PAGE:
2. The fact that only some nations have nuclear weapons is part of my argument against nuclear weapons. Those nations, based on economic superiority or political alignment, have nuclear weapons already and thus determine which nations may or may not have them as well. Pro argues that no country, or even set of countries, has the right to command any other countries as to what type of weapons they may or not produce when the demanding country already possesses those weapons. Pro says this not just because doing so os hypocritical, but because that when a few nations have nuclear weapons and don't want anybody else to have them, they become hyper-aggressive and paranoid in dealing with other nations, leading to more distrust and conflict.
Debate Round No. 2


I thank my opponent for his remarks. I would not like to take this time to refute my opponents counter-arguments.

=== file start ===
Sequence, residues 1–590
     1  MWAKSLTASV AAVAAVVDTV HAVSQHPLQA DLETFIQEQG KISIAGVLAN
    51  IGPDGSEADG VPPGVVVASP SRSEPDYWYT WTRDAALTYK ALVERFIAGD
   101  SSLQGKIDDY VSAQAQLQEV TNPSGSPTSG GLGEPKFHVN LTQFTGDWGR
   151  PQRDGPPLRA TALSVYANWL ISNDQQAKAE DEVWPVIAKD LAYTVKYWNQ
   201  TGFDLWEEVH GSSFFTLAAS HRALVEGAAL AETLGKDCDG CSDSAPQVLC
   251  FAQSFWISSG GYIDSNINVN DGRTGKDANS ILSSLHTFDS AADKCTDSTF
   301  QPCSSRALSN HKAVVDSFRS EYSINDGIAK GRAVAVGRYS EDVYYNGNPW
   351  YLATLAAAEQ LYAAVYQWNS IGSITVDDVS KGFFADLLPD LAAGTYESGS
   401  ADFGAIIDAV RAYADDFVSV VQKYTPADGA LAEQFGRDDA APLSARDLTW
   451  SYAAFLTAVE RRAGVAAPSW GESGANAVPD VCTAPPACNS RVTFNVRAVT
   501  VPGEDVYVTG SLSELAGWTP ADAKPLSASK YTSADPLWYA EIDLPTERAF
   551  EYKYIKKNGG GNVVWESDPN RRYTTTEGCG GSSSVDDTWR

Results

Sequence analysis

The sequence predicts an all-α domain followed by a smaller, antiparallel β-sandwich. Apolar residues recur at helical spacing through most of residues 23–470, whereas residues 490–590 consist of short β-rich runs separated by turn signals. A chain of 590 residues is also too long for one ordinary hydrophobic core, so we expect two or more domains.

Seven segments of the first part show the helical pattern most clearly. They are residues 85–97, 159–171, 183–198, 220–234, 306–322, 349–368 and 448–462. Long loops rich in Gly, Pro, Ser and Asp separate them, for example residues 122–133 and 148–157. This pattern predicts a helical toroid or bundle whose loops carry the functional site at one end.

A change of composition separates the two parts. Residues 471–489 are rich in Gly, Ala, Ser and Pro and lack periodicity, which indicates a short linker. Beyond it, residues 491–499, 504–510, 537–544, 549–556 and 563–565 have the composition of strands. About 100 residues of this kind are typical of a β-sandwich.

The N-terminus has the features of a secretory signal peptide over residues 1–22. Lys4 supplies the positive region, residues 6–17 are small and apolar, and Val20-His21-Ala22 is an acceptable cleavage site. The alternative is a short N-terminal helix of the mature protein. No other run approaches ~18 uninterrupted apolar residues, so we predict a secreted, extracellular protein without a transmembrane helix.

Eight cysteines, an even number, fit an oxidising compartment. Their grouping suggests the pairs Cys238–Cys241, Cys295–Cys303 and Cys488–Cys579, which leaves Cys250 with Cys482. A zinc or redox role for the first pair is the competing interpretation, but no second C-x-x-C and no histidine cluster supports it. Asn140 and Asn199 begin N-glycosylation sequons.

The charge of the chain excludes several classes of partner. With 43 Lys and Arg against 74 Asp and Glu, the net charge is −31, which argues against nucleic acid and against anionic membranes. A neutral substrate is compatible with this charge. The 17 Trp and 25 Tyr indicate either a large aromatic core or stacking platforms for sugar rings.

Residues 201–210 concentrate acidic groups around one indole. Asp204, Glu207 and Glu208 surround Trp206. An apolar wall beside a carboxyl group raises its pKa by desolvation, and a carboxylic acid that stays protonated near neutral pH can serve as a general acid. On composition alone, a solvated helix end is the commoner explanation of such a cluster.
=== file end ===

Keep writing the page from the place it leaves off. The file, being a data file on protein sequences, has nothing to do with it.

Firstly, he points out my error when I spoke of the Cold War. I meant in my statement that little violence was seen between the Soviet Union and the United States, not that there was no conflict at all.

Pro argued that a nuclear stand-off was not worth it and it would be less risky to have engaged in conventional warfare with the Soviet Union and Japan.

Con would like to argue that the risks of a nuclear stand-off would be less substantial than both options a) and b). First of all, Japan would not have surrendered to the Americans for many years, extending WWII. We can see this through the Japanese determination not to surrender. For example, during the United States conquering of Iwo Jima, of the 21,000 defending Japanese 216 surrendered, the rest fought to the death. Even after nuclear weapons were dropped on Japan, senior army officers wanted to continue the fight and were determined to never surrender. Continuing conventional warfare would have led to a massive amount of Japanese, American, and Russian casualties, even more than that caused by the A-Bombs. Secondly, engaging in conventional warfare with the Soviet Union might spark another World War because of the political connections with both countries. Peace talks were held, yet they failed to produce results.

Pro also argued that nuclear weapons would increase genocides and that nuclear weapons don't act as a deterrent because these genocides still occurred.